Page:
There is not an ETF than captures private equity very well .... Well technically I guess Index IQ replicates it with their hedge replication. There was an ETN but it went out of business in 08. PowerShares offers an ETF but it is global and down 18% over the last year and lags the S&P 500 by 15% since inception.
Private equity is messy and once our project is complete I will probably not venture back in. There is a lot of research involved and in the end you still have to be very comfortable with the managers of the project. There is a great opportunity for Ponzi Schemes in private equity. Physical visits to the site and constant cross checking the books is requires in my opinion.
We have learned a lot about risk in the last 5 years. The last 5 years has forced the rewriting of many financial textbooks. Our strategy is not sexy, will not make you rich overnight or win our firm any portfolio of the year awards but it works. We manage risk.... Much like a pension fund would do. With the average age at our firm being 68, we need yield and downside protection. This approach made 2008/9 full recoverable less than a year later. Of course during it.... CNBC says buy and hold is dead, the sky is falling etc..... Even Jim Cramer said one night the best thing for a long term investor to do is buy and hold ETFs! January or February of 09 I believe. I am sure the tape was erased :)
Target date funds look nothing like the portfolio's that we manage. ETFs allow for much more far reaching asset classes in custom portfolios vs. a target date fund which was designed to keep plan sponsors from getting sued by plan participants.
As I mention in the interview, we do not like REITs on a national level at this point. They will eventually get worked back in. Instead real estate through private equity is our choice for this play. We find that certain markets are very uncorrelated with equities. Unfortunately not every client will qualify for private equity, thus it does not show up in the models.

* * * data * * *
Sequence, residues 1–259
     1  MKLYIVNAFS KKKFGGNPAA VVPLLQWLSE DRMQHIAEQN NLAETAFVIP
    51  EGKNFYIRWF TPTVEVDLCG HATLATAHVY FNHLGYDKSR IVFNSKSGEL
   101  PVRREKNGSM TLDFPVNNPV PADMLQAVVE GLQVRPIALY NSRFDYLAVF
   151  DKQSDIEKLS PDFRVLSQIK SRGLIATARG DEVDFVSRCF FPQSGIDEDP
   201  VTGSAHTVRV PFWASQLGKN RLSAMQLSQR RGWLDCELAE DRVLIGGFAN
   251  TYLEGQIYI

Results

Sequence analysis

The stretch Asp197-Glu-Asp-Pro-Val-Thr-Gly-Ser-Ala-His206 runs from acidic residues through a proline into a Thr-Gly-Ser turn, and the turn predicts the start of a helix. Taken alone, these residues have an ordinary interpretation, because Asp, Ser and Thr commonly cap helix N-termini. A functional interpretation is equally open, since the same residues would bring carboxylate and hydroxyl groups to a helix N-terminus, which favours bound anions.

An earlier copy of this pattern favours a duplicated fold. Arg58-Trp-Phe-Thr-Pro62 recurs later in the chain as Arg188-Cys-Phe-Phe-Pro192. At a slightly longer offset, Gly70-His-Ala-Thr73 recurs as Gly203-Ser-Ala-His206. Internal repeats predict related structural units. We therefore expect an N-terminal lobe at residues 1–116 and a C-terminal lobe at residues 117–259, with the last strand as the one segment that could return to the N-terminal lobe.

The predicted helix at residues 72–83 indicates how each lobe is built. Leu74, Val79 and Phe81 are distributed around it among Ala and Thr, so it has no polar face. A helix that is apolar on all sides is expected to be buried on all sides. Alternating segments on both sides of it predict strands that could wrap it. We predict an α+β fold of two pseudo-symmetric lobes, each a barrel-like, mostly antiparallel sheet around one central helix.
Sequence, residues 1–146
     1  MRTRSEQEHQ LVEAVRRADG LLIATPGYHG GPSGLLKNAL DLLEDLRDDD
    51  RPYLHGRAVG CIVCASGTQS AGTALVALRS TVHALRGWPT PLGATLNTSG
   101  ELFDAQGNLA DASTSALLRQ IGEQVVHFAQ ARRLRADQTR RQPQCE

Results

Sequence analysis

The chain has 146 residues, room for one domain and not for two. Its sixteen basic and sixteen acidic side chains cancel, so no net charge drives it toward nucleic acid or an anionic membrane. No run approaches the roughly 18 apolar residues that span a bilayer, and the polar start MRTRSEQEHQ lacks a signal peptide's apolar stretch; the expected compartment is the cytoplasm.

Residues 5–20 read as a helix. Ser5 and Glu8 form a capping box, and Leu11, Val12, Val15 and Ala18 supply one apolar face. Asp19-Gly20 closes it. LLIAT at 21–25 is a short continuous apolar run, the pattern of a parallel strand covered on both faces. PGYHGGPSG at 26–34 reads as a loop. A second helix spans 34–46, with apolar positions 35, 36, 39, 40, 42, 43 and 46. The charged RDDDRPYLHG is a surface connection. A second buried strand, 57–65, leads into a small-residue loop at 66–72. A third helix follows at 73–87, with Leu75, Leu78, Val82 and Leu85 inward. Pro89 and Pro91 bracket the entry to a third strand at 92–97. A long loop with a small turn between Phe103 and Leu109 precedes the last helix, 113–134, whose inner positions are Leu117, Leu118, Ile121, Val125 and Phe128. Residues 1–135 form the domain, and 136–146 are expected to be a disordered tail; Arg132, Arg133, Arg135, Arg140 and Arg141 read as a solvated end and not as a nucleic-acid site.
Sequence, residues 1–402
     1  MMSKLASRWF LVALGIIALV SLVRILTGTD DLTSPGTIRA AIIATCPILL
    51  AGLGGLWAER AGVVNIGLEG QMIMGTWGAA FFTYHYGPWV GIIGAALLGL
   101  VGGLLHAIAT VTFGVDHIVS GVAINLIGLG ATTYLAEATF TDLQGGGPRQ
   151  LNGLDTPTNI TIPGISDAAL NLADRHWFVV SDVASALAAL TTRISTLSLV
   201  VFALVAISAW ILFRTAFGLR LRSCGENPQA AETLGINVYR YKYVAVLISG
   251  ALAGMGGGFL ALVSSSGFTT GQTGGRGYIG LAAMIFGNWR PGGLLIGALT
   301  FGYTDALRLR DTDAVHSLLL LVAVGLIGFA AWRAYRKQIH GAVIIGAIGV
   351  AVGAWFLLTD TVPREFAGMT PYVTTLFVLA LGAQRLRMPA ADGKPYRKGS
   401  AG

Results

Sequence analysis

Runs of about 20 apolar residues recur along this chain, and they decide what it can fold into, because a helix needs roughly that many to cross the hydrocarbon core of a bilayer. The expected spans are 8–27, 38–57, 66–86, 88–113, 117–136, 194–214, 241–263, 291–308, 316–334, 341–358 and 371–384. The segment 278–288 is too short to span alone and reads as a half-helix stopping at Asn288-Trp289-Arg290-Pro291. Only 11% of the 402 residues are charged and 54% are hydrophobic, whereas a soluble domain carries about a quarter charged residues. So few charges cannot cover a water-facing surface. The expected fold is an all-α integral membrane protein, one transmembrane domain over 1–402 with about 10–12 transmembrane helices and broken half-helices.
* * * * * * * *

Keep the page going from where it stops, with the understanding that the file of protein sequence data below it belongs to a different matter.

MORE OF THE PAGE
Commodities are in all of our portfolios. Historically when we increase the percentages, risk increases and rate of return remains the same.
The political commentary was for our business owners/clients and fellow aviators that 100% agree with me. You have the freedom to skip that part just like I have the freedom to not listen to NPR.
There are some great relatively newly launched dividend ETF products out there. SPLV, HDV, VIG, and the WisdomTree Dividend focused ETFs are some examples. In this low yield environment I would mix these in with the traditional IVV, IJH and IJR ETFs. A sample income growth portfolio could look like this with a yield of 3.8%:
8% Large Cap US
4% Mid Cap US
3% Small Cap US
8% Foreign Developed Markets
3% Emerging Markets
3% Commodities
8% Emerging Market Debt
28% US Treasuries and AAA Rated Bonds
10% TIPS
3% International Treasuries
8% US High yield Bonds
4% Preferred Stock
3% Short Term Corporate Debt (3 months)
7% Cash
If you are more conservative you can reduce the equity exposure from 30% to 18% and reallocate the difference within the bonds. Of course I recommend working with a fee only advisor or planner to put together an optional portfolio. If you do not want to pay an asset under management fee you can usually find one that will work at an hourly rate to help you build a portfolio.
I agree, I repeat myself all the time! I keep saying "buying high in 07 in greed and selling 08/09 out of fear is not an investment strategy that we recommend. The end result is you broke and your commission broker richer." I will keep kindly repeating it until everyone gets it. The "pie slicing" approach as you call it has beat 99.4% of mutual fund managers since 1975 (University of Maryland Study adjusted for risk). Investor behavior is just important as the strategy.
The US credit downgrade essentially meant nothing to investors. The world continues to flock to US debt. If the US is not the safety net of the world, who or what will be? This is a question that I can not currently answer. I believe that we are ok as investors for another 10 - 15 years pending no one or any event kicks the wheels out from under our wagon. How US corporations trade with the US debt in pearl is speculation at this point. If Europe is the model then US equity would be down considerably but not as much as treasuries in that situation. There is no doubt that the fall of America would be hard. As I tell our clients, fear is not an investment strategy. looking for long term healthy asset classes is, but what if there aren't any? To answer your question directly, government waste and overspending has a good head start as America has made decisions that will be very hard to reverse. How we invest in this environment.... I am still processing this. I hope that capitalism makes a come back and overcomes this whiney undertone of entitlements.